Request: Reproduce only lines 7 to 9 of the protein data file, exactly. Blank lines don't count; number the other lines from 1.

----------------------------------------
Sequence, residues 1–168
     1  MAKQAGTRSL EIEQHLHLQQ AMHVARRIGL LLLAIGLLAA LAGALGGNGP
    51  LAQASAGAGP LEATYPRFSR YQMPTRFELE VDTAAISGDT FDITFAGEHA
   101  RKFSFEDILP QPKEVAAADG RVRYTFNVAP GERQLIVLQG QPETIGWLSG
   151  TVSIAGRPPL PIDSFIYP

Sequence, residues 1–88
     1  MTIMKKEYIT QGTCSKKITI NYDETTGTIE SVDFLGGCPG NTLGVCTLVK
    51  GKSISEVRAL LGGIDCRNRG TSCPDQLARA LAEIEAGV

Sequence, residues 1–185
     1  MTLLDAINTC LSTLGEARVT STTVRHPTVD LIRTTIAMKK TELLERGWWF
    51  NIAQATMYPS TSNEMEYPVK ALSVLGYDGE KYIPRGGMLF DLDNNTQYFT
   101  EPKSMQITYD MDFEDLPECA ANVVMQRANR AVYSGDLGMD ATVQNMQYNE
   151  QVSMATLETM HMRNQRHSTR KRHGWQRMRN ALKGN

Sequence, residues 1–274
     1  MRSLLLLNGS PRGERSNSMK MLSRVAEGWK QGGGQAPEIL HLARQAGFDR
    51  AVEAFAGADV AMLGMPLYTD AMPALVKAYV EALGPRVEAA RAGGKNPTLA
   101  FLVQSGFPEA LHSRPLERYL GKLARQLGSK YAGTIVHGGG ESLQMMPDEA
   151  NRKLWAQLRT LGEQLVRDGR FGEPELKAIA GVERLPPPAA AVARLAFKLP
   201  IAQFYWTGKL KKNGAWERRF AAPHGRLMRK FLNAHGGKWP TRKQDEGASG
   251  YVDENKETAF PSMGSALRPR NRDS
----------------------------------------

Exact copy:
     1  MTIMKKEYIT QGTCSKKITI NYDETTGTIE SVDFLGGCPG NTLGVCTLVK
    51  GKSISEVRAL LGGIDCRNRG TSCPDQLARA LAEIEAGV

Sequence, residues 1–185